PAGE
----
Texas A&M AgriLife Research, Blackland Research and Extension Center (BREC), a part of the Texas A&M System, is improving the lives of people in Central Texas and throughout the world. Scientists at the center are improving the region’s water and soil quality by conducting research and developing new technologies enabling improved decisions regarding land and water management practices. Here are few other facts about Blackland.
- Be forward thinking and responsive to the needs of our citizens and stakeholders.
- Through innovative investigation, develop science-based solutions to meet our challenges in land, water, climate and energy to enhance environmental quality and preserve natural resources.
- Work synergistically with other parts of the Texas A&M System; local, state and federal government agencies; international agencies and private enterprise.
- Support the personal growth and professional development of our employees. Promote understanding and opportunities in science to students and the community.
Created in 1909, BREC is part of Texas A&M AgriLife Research (formerly Texas Agricultural Experiment Station), the state research agency affiliated with the Texas A&M System. One of 13 off-campus research and extension centers that, along with Texas A&M University faculty, performs research and delivers education programs for the citizens of Texas to ensure a safe and affordable food supply; save and restore the environment; and strengthen the economy. A 12,000 square foot office building serves as the main Texas AgriLife Research headquarters. BREC shares research facilities with the Grassland, Soil and Water Research Laboratory (GSWRL) of the USDA/Agricultural Research Service (ARS). Texas AgriLife Research and ARS scientists have worked cooperatively in Temple for over 80 years. BREC research programs also include scientists from the Natural Resources Conservation Service (NRCS), who are co-located at GSWRL with ARS. The synergism between Blackland and Grassland scientists is a principal reason for the success of the Temple laboratory. Research programs from both agencies are closely linked and scientists leverage shared resources and capitalize on the strengths of one another.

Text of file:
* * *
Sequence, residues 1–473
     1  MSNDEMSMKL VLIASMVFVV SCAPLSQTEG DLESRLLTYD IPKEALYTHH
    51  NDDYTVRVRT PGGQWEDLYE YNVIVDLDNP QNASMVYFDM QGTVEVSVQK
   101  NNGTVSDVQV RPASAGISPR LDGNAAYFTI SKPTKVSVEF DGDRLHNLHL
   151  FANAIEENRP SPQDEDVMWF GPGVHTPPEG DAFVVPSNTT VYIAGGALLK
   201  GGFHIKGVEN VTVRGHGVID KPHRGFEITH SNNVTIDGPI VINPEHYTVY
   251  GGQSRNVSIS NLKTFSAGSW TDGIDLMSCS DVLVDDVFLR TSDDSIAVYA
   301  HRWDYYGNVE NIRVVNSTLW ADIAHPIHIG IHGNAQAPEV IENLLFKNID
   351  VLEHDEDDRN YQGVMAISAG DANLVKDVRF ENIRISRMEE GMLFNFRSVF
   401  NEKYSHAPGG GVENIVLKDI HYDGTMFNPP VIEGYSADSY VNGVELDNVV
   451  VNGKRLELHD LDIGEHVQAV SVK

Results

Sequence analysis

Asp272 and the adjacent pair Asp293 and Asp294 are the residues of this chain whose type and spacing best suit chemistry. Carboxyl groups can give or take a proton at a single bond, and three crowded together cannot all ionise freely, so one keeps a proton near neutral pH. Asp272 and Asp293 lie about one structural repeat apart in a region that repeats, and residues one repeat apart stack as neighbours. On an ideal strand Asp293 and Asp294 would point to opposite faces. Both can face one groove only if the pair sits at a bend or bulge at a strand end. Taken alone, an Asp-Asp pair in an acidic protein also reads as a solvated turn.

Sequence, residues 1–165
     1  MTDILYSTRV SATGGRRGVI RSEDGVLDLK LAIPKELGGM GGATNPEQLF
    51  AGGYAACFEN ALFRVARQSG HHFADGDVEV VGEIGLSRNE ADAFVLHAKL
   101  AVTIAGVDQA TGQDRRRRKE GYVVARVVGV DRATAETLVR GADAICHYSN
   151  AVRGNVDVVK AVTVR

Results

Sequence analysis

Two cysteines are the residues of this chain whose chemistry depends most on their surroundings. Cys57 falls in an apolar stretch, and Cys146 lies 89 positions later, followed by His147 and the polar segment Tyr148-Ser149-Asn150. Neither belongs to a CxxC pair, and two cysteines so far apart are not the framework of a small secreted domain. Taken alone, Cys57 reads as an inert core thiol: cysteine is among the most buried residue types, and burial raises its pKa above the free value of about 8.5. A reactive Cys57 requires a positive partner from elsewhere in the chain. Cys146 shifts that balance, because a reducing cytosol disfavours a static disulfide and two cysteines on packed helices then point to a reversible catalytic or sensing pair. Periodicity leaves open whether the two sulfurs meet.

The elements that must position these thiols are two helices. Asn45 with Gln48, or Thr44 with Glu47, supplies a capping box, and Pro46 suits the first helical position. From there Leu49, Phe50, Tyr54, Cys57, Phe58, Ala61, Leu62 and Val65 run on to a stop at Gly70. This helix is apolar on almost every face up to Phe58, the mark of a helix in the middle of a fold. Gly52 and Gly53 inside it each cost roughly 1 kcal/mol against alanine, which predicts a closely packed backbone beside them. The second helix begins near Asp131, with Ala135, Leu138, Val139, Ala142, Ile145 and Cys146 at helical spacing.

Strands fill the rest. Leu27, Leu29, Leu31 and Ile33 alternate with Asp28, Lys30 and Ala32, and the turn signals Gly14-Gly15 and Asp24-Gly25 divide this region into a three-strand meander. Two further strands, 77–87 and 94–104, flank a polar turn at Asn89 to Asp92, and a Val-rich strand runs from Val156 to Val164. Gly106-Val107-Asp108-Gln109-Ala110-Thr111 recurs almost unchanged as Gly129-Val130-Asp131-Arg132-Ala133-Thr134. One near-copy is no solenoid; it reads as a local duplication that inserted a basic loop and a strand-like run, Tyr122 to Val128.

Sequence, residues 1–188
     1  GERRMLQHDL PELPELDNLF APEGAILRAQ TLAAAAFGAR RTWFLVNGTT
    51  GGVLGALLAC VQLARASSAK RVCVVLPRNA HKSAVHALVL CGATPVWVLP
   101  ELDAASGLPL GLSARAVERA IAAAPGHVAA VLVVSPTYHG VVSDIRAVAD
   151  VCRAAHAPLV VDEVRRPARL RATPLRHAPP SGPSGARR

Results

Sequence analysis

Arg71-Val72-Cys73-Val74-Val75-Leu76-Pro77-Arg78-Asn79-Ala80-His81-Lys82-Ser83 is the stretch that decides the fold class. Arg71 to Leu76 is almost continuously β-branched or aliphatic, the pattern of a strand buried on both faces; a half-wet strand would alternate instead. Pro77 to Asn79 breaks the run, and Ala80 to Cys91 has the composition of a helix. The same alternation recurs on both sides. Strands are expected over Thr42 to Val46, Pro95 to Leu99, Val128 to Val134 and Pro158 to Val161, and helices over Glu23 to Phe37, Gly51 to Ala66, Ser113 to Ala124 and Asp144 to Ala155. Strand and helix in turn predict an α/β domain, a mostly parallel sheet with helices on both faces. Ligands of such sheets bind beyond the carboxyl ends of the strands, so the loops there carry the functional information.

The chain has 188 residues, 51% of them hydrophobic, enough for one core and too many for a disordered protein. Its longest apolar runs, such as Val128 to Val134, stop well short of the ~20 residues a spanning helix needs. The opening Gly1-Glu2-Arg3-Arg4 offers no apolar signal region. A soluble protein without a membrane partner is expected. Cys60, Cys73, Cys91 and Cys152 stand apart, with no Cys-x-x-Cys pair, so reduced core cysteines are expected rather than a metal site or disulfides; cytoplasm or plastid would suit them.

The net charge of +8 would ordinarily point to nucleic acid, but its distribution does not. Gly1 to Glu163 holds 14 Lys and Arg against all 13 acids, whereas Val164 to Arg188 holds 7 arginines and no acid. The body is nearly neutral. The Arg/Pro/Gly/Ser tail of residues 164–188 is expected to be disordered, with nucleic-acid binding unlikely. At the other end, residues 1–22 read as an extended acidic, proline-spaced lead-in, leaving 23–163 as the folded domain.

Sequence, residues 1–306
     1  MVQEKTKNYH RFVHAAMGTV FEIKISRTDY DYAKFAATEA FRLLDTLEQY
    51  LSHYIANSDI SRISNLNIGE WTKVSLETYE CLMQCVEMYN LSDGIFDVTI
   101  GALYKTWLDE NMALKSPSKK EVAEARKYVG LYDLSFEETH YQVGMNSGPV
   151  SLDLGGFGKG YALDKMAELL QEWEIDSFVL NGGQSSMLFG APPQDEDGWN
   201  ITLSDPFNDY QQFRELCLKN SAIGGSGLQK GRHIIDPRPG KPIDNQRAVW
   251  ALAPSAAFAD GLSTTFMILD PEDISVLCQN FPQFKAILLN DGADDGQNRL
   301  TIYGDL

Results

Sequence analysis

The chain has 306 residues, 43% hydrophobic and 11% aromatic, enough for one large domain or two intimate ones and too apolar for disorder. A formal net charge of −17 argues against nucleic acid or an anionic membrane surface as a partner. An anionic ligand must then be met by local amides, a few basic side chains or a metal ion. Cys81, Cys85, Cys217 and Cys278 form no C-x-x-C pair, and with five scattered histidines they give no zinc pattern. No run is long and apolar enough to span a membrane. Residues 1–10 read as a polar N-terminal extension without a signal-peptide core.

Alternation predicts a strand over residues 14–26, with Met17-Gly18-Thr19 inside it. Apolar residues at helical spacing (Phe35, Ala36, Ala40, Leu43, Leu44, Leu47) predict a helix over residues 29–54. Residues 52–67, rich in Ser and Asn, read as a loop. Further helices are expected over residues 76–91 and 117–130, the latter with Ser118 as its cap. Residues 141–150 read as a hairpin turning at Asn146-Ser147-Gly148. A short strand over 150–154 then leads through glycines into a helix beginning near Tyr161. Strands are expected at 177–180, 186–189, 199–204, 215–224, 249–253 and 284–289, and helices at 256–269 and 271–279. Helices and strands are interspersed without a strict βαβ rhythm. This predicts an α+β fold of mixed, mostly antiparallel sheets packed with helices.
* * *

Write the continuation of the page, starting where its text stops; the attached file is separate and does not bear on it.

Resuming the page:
The Riesel Research Center in McLennan County provides an outdoor laboratory with state-of-the-art equipment. The Riesel Watershed, as it is commonly called, is a historic experimental watershed in the Texas Blackland Prairie near the town of Riesel, that has provided valuable information to the water resource community for more than 70 years, making it the longest continuously monitored hydrologic research site in the country. It is one of many experimental watersheds operated by the Agricultural Research Service (ARS) – the chief in-house scientific research agency of the U.S. Department of Agriculture – in cooperation with Texas A&M AgriLife Research.